Chapel Hill Police Look To Relocate Headquarters

Jul 8, 2019

Chapel Hill Police Headquarters at 828 Martin Luther King, Jr. Boulevard
Credit Town of Chapel Hill

A leaky roof, lack of space and aging infrastructure are just some of the problems plaguing the roughly 40-year-old building that houses the Chapel Hill Police Department.

“We’re kind of at our max capacity within this building," said Assistant Chief Jabe Hunter. “It's getting to the point now where we do have to look at other options."

Building a new structure on the site at 828 Martin Luther King Jr. Boulevard isn’t a viable option, in part because police headquarters sits on an old coal ash dump site.

Hunter said the ash isn’t a problem for daily operations, but it could limit use of the land and require remediation in the future.

“While it's not dangerous for us for our building to be here, it is a consideration should we choose to build on this site,” said Hunter. “That's one of the factors that's sort of weighing on us looking at other options around town.”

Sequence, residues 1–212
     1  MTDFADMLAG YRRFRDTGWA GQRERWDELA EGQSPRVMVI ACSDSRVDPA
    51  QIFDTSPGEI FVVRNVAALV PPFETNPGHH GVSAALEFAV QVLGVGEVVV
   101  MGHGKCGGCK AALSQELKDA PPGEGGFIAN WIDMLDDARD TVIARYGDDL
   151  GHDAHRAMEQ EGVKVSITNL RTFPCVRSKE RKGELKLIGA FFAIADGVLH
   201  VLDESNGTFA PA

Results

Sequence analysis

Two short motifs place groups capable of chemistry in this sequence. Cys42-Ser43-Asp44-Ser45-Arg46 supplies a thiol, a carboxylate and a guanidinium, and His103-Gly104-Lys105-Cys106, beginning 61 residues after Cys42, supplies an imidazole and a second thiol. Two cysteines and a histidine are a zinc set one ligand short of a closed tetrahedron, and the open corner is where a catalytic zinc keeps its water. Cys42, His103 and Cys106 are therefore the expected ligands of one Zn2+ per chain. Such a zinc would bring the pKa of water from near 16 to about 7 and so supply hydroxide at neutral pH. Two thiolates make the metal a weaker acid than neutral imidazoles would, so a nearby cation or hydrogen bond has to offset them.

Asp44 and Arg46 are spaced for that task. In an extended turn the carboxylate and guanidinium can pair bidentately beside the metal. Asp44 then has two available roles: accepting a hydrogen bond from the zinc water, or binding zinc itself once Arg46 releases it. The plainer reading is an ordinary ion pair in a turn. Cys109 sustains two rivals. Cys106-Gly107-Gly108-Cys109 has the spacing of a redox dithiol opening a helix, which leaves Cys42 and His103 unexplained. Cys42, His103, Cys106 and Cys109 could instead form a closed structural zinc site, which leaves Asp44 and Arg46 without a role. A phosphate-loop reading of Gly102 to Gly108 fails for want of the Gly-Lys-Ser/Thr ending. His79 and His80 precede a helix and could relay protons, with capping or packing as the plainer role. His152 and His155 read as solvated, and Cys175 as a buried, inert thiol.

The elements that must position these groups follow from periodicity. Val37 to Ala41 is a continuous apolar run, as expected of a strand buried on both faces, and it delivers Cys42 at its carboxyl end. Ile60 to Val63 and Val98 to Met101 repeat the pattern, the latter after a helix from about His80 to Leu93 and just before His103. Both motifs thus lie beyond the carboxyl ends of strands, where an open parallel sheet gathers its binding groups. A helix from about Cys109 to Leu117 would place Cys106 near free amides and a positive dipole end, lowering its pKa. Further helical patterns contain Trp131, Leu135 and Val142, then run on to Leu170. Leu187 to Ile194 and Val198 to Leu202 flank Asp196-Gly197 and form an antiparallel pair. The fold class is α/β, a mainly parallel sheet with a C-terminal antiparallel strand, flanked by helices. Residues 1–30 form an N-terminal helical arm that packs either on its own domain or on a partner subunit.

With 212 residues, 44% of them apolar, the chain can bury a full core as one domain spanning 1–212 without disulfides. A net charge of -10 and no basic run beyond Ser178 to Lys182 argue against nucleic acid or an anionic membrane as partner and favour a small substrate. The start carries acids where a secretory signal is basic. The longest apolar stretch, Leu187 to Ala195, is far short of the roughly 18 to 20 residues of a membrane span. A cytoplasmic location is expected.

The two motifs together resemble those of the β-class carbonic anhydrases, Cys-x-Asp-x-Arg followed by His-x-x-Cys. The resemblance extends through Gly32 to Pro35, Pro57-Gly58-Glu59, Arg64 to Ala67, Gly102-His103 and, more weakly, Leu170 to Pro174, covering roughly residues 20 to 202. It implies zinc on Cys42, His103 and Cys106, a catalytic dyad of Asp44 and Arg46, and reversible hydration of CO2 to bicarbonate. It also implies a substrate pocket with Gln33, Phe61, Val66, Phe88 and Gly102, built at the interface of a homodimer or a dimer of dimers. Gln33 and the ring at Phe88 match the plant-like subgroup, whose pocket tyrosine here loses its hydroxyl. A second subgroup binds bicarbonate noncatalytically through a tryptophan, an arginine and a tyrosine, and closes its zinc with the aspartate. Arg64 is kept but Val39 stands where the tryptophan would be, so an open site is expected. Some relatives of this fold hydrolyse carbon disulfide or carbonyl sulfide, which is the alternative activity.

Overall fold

The coal ash was discovered in 2013. Town officials think it was dumped sometime in the 1960s. Chapel Hill is working with the state Department of Environmental Quality to develop a plan for the ash once the police department is relocated.

Town officials had been working on an agreement to lease land off Estes Drive from UNC, but a recent change to the university’s lease policy made that plan unworkable. The town is now in the early stages of negotiation with Ram Realty to see if a new municipal services center can be built at University Place Mall. The center would combine several town operations into one centrally located site. Hunter said it could also offer public meeting space.

“The more convenient we can make it for the public’s use, the better,” he said.

There’s no firm timeline for when a new police headquarters could be completed, but Hunter said he’s hoping the town can find a new site before the roof at the old facility has to be completely replaced.

“That’s our major repair that we’re looking at next, which we hope not to do,” he said. “We think we can advance this project for a municipal services center at a rate that we won’t have to do the roof and [we can] save that money.”